Need to see something else than grey skies and wet asphalt? To get you through January, we’ve listed 10 beautiful movie locations that you’ll probably recognize.
Matamata, New Zealand/The Lord of the Rings
The Lord of the Rings trilogy was filmed entirely in New Zealand. More than 150 locations in both the North and the South Islands were used. The Matamata area south of Auckland on the North Island was discovered by director Sir Peter Jackson in 1998 on his search for suitable set locations. Matamata is home to the Hobbits and the lush area with its quaint Hobbit houses has since become an international tourist destination.
Maya Bay/The Beach
Maya Bay in Thailand’s Hat Noppharat Thara – Mu Ko Phi Phi National Park became an international tourist destination after The Beach. The Leonardo Di Caprio drama is based on Alex Garland’s novel with the same name. The turquoise water, white sand and dramatic cliffs has since made it a popular holiday destination. So popular that, at its peak of popularity in 2018, about 6000 people were visiting every day. Extensive littering and disturbed wildlife caused authorities to temporarily close the bay that same year. It’s expected to reopen in May this year.
Görlitz Department Store/The Grand Budapest Hotel
This magnificent Art Nouveau construction saw the light of day in 1913 in Görlitz, Germany’s easternmost town. In Wes Anderson’s comedy-drama The Grand Budapest Hotel, the building serves as hotel. It’s also the place where the concierge Gustave is framed for the murder of a wealthy widow. The department store closed in 2009. It was bought by a private investor in 2013 and scheduled to reopen in 2016. However, it has not yet opened due to the need for extensive renovations.
Finse/ Star Wars: Episode V – The Empire Strikes Back
Have you ever dreamt of visiting the planet Hoth of the Star Wars movie The Empire Strikes back? Well, you can. The scenes of Hoth were shot in 1979 in the Norwegian town Finse, a small community east of Bergen, not far from the Hardangervidda National Park. The film team was troubled by cold temperatures (-29°C), snowstorms and avalanches, but despite this the movie was released in the spring of 1980. The price tag of $33 million made it the most expensive movie to ever have been released at the time. Today, the Finse area is popular with skiers and hikers.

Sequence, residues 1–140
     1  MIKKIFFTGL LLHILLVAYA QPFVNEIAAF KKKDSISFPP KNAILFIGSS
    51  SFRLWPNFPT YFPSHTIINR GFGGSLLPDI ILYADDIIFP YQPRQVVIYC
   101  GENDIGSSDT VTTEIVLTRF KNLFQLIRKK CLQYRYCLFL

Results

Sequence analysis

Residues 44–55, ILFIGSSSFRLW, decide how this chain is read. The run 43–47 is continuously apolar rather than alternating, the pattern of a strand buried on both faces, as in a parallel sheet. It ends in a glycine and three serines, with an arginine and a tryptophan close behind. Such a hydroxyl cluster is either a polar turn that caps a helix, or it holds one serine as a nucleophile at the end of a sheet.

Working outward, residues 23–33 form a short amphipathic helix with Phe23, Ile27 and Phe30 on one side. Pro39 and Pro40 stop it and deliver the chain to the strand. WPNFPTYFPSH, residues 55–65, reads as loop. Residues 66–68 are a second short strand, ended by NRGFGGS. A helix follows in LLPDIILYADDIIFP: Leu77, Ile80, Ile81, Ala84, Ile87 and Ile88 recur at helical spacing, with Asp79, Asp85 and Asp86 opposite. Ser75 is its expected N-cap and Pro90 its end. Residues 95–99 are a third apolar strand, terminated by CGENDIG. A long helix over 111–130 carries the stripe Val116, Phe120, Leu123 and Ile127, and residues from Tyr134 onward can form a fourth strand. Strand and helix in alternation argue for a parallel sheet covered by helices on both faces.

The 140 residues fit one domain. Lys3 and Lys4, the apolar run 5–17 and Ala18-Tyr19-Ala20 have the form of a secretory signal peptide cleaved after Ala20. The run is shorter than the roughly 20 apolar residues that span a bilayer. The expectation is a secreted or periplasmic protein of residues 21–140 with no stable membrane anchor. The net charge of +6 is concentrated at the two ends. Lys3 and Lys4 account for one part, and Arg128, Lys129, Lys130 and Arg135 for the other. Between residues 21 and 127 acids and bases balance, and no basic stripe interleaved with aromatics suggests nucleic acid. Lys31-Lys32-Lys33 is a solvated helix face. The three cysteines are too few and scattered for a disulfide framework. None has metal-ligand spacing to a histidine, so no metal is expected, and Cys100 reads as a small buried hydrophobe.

Park Hyatt Tokyo/Lost in Translation
The glistening city lights of Tokyo is the stunning backdrop to the events of the Sofia Coppola movie Lost in Translation. Most scenes were filmed at the five-star hotel Park Hyatt Tokyo – with rooms with a view to say the least. Bob Harris (Bill Murray) and Charlotte (Scarlett Johansson) first meet in the intimate New York Bar on the 52nd floor.
Iceland/The Secret Life of Walter Mitty
As many of you know, Walter Mitty (Ben Stiller) is a daydreamer who travels mostly in his mind. Until one day when an unexpected turn of events sends him on a journey across the globe. However, what appears to be Greenland, Afghanistan or the Himalayas are actually various locations in Iceland. Grundarfjörður on the Snæfellsnes peninsula is where Walter Mitty grabs a bike and embarks on a neck-breaking chase. The iconic skateboard scene was shot in the coastal town Seyðisfjörður and Vatnajökull, Europe’s largest glacier, is where Walter Mitty finally finds his friend Sean O’Connell (Sean Penn).
Ischia, Naples/The Talented Mr. Ripley
While the Italians have always loved the picturesque island of Ischia, movies like The Talented Mr. Ripley and Cleopatra, as well as Elena Ferrante’s international bestsellers The Neapolitan Novels, have not surprisingly also made it popular also with international tourists. The largest of three islands off the coast of Naples, Ischia offers 40 kilometres of coastline, azure waters, volcanic hills and elegant towns as well as plenty of historic sites, including the medieval Castello Aragonese, which sits on an islet connected to the island by a causeway.
Ta Prohm Temple, Cambodia/Lara Croft: Tomb Raider
The Ta Prohm temple in Cambodia was built at the end of the 12th century as a Buddhist monastery and university. The ancient building, surrounded by jungle and with trees growing out of its ruins, became the atmospheric backdrop of the Tomb Raider movie where Angelina Jolie portrays a wealthy British archaeologist trying to prevent an ancient artefact from falling into the wrong hands. It’s since been increasingly popular with tourists and is nowadays also known as The Tomb Raider Temple.
Christ Church Cathedral, Oxford/ Harry Potter
The majestic 16th century Christ Church Cathedral in Oxford, UK has featured in several of the Harry Potter movies. This has made it a popular destination for young and old Harry Potter fans from across the globe. In fact, the visitor numbers have been rising steadily since the release of the first movie. Harry Potter fans will recognise the staircase leading up to the Great Hall which was used for the arrival scene for new Hogwarts students in the first two movies. The Great Hall was replicated in studios as the grand dining hall at the Hogwarts school.
Udaipur/The Darjeeling Limited
The Darjeeling Limited was shot in a number of locations in India, including the “city of lakes” Udaipur. This historic city, founded in 1558, is located between Mumbai and Delhi and its rich heritage is manifested in many temples, forts and palaces. This has made it a popular movie location for many Hollywood and Bollywood productions including Wes Anderson’s epic train adventure The Darjeeling Limited. The Darjeeling Himalayan Railway, which served as inspiration for the movie, was the very first hill railway in India and is still in use today.